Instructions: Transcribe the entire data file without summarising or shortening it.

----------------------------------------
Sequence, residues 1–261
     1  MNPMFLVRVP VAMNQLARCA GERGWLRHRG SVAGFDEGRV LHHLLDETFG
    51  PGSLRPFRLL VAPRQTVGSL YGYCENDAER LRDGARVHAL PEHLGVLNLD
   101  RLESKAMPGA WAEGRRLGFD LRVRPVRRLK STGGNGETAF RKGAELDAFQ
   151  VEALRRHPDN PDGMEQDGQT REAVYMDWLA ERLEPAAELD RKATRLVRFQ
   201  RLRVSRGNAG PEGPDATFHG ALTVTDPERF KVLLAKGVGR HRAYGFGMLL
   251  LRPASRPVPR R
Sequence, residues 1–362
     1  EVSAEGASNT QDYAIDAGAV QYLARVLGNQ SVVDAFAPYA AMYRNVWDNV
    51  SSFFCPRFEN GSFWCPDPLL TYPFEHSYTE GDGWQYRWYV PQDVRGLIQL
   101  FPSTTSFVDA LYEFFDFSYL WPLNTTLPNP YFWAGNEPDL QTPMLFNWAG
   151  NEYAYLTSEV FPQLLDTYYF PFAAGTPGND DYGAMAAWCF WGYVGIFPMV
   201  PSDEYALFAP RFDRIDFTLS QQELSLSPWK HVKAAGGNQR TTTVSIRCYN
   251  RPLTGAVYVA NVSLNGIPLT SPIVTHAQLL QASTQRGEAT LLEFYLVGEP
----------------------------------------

Sequence, residues 1–261
     1  MNPMFLVRVP VAMNQLARCA GERGWLRHRG SVAGFDEGRV LHHLLDETFG
    51  PGSLRPFRLL VAPRQTVGSL YGYCENDAER LRDGARVHAL PEHLGVLNLD
   101  RLESKAMPGA WAEGRRLGFD LRVRPVRRLK STGGNGETAF RKGAELDAFQ
   151  VEALRRHPDN PDGMEQDGQT REAVYMDWLA ERLEPAAELD RKATRLVRFQ
   201  RLRVSRGNAG PEGPDATFHG ALTVTDPERF KVLLAKGVGR HRAYGFGMLL
   251  LRPASRPVPR R
Sequence, residues 1–362
     1  EVSAEGASNT QDYAIDAGAV QYLARVLGNQ SVVDAFAPYA AMYRNVWDNV
    51  SSFFCPRFEN GSFWCPDPLL TYPFEHSYTE GDGWQYRWYV PQDVRGLIQL
   101  FPSTTSFVDA LYEFFDFSYL WPLNTTLPNP YFWAGNEPDL QTPMLFNWAG
   151  NEYAYLTSEV FPQLLDTYYF PFAAGTPGND DYGAMAAWCF WGYVGIFPMV
   201  PSDEYALFAP RFDRIDFTLS QQELSLSPWK HVKAAGGNQR TTTVSIRCYN
   251  RPLTGAVYVA NVSLNGIPLT SPIVTHAQLL QASTQRGEAT LLEFYLVGEP